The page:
The IMF's Statistical Systems in Context of Revision of the United Nations' A System of National Accounts
Chapter

8 Proposed Treatment of Reinvested Earnings on Direct Investment

Author(s):
Vicente Galbis
Published Date:
September 1991
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Author(s)
Geoffrey J. Robertson

The Expert Group Meeting on External Sector Transactions for the Revision of the United Nations' A System of National Accounts (SNA) held in Washington, D.C., in March-April 1987 (hereafter referred to as the External Sector Group) drew the following conclusions with regard to reinvested earnings on direct investment:

Most members of the Group agreed that both the external and the domestic sector of the national accounts, like the balance of payments, should include international flows of reinvested earnings attributable to direct investors. Direct investment and reinvested earnings on direct investment would be as defined in the OECD “Detailed Benchmark Definition of Foreign Direct Investment.” The Group, furthermore, strongly recommended that a full accounting for reinvested earnings should be prepared for consideration of other groups in the SNA review process, specifically the Group on Financial Flows and Balances, and that, in that accounting particular attention should be drawn to the implications for saving and national disposable income.

Neither for the balance of payments nor for the external sector of the national accounts is there any reason to extend this treatment to portfolio investment.

The Meeting of the Balance of Payments Compilers Group held in Paris in November 1987 (hereafter referred to as the BOP Group) reached essentially the same conclusion.

This paper, prepared in response to the above recommendation of the External Sector Group, addresses some reservations held by some experts about the inclusion of reinvested earnings on direct investment in the transactions accounts of the SNA. The paper addresses the treatment of reinvested earnings on direct investment in the current SNA, the IMF's Balance of Payments Manual (BPM), and the UN Provisional Guidelines on balance sheets;1 the reasons for the proposed change to the SNA in this regard; the proposed method of calculation of reinvested earnings on direct investment; the presentation of reinvested earnings on direct investment in the revised SNA; some practical issues associated with the compilation of reinvested earnings on direct reinvestment; and offers some concluding remarks.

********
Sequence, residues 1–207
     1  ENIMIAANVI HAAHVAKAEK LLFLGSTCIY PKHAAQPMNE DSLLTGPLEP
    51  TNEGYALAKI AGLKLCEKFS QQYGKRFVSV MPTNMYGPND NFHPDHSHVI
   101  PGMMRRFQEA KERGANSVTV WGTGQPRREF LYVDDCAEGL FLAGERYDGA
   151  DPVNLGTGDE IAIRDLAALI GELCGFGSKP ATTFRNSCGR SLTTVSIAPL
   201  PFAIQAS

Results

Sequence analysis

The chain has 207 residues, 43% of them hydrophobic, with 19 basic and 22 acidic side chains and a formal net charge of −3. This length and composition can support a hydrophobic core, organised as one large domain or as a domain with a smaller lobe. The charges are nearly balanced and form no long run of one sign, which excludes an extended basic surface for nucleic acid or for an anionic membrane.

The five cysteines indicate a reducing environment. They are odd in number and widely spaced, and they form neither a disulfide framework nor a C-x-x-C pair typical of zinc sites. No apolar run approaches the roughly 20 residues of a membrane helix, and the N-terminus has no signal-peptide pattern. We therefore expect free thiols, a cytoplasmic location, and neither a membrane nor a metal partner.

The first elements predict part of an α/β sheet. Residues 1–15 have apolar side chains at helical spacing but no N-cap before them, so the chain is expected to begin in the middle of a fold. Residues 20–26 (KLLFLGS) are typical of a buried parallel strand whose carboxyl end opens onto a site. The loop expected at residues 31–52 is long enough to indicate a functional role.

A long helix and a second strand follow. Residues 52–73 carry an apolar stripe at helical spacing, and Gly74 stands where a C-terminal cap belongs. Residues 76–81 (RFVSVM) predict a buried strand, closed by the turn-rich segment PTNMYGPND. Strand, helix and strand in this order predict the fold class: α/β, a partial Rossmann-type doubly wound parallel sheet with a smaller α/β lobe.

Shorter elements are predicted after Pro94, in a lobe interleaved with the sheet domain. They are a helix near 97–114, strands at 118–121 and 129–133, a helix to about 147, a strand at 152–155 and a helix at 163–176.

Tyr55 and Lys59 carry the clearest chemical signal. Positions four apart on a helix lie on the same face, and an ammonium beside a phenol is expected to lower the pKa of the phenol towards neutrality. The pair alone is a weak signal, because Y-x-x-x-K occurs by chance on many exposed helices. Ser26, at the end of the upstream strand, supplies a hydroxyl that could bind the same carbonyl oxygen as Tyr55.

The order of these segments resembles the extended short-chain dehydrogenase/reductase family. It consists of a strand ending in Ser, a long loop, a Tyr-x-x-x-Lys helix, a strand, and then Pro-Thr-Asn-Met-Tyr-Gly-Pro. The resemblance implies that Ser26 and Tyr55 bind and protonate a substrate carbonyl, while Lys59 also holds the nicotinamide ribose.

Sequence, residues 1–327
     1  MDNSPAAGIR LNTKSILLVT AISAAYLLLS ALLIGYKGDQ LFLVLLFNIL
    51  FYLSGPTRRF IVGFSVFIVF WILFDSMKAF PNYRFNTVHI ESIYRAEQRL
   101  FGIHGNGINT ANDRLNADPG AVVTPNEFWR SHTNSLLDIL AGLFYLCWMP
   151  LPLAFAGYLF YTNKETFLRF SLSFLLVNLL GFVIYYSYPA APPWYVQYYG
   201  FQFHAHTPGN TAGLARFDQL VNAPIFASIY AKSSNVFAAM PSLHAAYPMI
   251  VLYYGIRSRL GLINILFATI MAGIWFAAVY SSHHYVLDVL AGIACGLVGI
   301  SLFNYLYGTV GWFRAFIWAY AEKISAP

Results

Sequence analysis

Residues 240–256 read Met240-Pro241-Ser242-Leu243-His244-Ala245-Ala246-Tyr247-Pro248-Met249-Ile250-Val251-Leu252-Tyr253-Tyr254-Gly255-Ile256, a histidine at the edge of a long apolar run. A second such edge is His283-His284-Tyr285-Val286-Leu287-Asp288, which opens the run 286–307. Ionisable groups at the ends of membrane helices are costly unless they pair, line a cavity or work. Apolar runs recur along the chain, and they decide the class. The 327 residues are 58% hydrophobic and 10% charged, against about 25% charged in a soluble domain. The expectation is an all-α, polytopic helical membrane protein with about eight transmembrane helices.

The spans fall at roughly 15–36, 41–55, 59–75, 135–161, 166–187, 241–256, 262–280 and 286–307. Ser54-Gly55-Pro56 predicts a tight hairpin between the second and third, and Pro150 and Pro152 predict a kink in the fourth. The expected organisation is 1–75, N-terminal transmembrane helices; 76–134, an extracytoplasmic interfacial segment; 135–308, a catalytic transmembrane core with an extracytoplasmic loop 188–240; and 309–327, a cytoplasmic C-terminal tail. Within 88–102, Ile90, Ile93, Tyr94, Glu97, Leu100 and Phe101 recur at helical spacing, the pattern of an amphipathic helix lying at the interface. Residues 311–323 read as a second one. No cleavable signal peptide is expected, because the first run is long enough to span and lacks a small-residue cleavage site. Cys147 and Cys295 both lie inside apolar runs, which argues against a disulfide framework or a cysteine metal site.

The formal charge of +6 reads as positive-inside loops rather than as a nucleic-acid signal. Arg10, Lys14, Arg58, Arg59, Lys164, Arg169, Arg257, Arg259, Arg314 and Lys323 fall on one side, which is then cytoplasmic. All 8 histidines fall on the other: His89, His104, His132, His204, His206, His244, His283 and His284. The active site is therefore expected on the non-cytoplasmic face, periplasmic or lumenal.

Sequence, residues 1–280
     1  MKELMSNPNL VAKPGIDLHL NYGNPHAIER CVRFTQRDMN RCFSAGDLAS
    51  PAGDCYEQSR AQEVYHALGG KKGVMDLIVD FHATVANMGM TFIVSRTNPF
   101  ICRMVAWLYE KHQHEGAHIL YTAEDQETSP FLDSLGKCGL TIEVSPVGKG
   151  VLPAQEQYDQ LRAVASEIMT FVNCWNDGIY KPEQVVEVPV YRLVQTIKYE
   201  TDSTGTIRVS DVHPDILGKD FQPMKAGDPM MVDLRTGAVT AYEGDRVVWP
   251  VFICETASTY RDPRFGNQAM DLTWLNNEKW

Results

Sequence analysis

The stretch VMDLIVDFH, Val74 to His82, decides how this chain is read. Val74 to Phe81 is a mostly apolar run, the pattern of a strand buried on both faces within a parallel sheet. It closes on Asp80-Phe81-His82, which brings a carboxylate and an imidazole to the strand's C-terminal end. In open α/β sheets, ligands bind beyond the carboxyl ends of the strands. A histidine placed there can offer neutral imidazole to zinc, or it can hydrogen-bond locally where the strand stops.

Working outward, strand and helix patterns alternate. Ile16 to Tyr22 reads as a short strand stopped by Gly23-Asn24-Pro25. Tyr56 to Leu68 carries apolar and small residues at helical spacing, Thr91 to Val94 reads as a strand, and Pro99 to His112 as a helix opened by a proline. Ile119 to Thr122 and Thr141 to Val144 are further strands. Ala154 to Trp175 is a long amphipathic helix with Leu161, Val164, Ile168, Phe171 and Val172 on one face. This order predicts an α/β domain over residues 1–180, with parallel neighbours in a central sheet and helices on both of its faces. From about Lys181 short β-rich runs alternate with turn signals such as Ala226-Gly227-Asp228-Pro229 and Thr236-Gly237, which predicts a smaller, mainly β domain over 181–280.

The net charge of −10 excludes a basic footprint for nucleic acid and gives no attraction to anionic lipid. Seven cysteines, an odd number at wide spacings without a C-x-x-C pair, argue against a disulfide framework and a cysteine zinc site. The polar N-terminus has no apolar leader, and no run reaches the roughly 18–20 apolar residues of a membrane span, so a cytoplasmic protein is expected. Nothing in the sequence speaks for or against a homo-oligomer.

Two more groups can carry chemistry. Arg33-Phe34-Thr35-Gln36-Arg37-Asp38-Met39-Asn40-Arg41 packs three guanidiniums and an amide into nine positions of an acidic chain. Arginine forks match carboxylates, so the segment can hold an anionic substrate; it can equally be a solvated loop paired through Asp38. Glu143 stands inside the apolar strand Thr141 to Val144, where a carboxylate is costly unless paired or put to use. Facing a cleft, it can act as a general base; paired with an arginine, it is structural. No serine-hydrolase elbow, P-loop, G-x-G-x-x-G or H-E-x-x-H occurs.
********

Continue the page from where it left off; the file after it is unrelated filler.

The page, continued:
I. Current Treatment

The BPM recognizes and includes reinvested earnings on direct investment as transaction flows. Although the current SNA does not include such transactions, it recognizes both the importance of direct investment and reinvested earnings on direct investment. In paragraph 8.100 the SNA states:

It may also be desirable to add entries to the Accounts III in order to classify certain categories of transactions further. Additions to the items exhibited in the Accounts III which warrant consideration are indicated below. . . .

Saving. Where a significant number of enterprises in a country are branches or subsidiaries of non-residents, it will be valuable to sub-divide the saving, entries 3.7.1 and 5.7.1, of the relevant institutional sector(s) in order to indicate the amount of saving of (direct investment in) these corporate and quasi-corporate enterprises. The division of saving into the retained income of foreign-owned branches and subsidiaries and the saving of other corporate and quasi-corporate enterprises may be of interest in the case of financial and/or non-financial enterprises.

The SNA also states (footnote 1 to Table 26 in Annex 8.3) that

Data should also be furnished in memoranda to the table on the saving (retained income) of subsidiaries and branches of residents which are located abroad and of the resident subsidiaries and branches of nonresidents.

The UN Provisional Guidelines do not mention direct investment explicitly. In their discussion of subsidiaries (paragraph 6.43), however, they recognize that resident subsidiaries do not have a net worth independent of their nonresident parent enterprises. In this respect the UN Provisional Guidelines are closer to the BPM and are inconsistent with the SNA, which currently attributes all retained earnings of resident companies to resident corporate sector saving. It is useful to quote paragraph 6.43 of the UN Provisional Guidelines in full: